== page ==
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10/25/04 - U-N ON SYRIAN TROOPS IN LEBANON - 2004-10-26

A statement by the United Nations Security Council president endorsed by all fifteen council members calls on Syria to withdraw its military forces from Lebanon. Syrian troops have been stationed in Lebanon for nearly three decades. They currently number more than fifteen-thousand.

The U-N Security Council earlier adopted Resolution 1559, co-sponsored by the U.S. and France, calling for the withdrawal of all foreign forces from Lebanon and for the disarming and disbanding of all militias there. The resolution also demanded that all foreign influence over Lebanon's political affairs cease and that the Lebanese armed forces extend their control throughout their territory.

This month, U-N Secretary General Kofi Annan reported that the requirements of Resolution 1559 have not been met. He said that Syrian forces remain in Lebanon, Hezbollah remains armed and in control of southern Lebanon, and the Lebanese have not been allowed by Syria to exercise their political independence and sovereignty.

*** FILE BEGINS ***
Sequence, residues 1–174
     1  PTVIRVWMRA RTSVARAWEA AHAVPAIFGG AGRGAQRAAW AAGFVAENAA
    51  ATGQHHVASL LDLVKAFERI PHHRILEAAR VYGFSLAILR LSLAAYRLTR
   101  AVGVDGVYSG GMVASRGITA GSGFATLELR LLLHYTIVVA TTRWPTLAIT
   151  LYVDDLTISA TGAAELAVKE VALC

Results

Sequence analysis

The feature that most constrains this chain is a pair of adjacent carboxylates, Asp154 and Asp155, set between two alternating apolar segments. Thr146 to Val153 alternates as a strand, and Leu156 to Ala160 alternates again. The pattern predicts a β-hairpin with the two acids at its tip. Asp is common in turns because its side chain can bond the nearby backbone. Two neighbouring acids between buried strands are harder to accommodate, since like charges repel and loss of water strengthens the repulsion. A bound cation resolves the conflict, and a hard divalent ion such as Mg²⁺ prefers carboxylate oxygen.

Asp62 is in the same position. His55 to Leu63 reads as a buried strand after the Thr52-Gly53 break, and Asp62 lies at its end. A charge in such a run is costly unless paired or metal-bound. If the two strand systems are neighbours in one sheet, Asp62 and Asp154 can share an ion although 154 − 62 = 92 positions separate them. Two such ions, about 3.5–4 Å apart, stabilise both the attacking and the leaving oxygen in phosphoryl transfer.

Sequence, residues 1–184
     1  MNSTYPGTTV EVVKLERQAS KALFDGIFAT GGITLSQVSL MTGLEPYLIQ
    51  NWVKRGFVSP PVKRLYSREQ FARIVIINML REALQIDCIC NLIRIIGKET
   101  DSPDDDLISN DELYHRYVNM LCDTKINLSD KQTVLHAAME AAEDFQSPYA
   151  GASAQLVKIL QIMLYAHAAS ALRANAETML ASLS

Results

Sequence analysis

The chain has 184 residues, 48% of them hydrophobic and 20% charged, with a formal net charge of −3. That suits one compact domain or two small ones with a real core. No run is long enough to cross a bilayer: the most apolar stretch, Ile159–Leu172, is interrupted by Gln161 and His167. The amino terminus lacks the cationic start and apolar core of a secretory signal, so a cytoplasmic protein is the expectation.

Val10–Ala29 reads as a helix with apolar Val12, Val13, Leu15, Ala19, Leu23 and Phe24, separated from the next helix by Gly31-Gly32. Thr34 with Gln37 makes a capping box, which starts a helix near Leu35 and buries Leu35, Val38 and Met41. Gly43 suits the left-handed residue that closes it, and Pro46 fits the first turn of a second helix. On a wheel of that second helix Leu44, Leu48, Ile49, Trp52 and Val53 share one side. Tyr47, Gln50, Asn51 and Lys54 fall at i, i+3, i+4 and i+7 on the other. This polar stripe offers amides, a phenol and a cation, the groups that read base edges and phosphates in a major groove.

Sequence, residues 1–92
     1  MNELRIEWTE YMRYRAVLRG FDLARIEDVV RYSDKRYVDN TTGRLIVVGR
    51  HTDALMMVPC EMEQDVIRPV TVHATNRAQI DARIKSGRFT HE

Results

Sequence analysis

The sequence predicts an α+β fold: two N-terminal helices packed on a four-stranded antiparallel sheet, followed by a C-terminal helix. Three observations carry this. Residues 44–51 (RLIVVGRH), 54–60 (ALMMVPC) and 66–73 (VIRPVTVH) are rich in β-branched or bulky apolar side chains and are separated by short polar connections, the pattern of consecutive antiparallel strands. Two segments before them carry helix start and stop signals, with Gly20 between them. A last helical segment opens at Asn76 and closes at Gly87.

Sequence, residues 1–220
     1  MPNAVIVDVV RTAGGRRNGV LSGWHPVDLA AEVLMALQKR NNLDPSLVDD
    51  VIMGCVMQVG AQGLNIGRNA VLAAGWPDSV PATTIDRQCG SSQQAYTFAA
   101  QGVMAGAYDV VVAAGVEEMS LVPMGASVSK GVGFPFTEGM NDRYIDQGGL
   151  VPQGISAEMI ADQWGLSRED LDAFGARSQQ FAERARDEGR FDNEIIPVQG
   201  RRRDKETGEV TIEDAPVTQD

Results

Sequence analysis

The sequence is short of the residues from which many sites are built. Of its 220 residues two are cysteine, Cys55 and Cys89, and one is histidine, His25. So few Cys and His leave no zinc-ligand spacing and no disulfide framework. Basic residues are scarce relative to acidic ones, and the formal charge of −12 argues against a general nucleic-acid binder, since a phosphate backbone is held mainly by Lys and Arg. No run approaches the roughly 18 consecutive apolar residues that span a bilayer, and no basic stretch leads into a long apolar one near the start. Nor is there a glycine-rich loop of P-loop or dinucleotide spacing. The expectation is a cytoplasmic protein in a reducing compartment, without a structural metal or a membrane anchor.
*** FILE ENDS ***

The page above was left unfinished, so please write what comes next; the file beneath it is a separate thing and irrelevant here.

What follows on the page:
U.S. State Department spokesman Richard Boucher says the U-N Security Council presidential statement "represents a step forward in terms of the kind of scrutiny that Syria's attitude towards Lebanon. . .will get":

"The goals of Resolution 1559 have not been met. That's very clear to all of us. The council's statement was unanimous and urges all the parties to implement fully the provisions, and that includes that Syria cease its interference, disarm the militias, and withdraw its forces from Lebanon."

Anne Patterson, Deputy U.S. Ambassador to the U-N, says that U-N Security Council members, as well as U-N Secretary General Annan, will be monitoring the situation in Lebanon "very carefully over the next months":

"We are hopeful that Syria will take a message from this resolution and from the unanimous, and I stress unanimous, decision of the Security Council."

Clearly, it is long past time for Syria to remove its troops from Lebanon and for the Lebanese people to reassert control over their own territory, their own government, and their own future.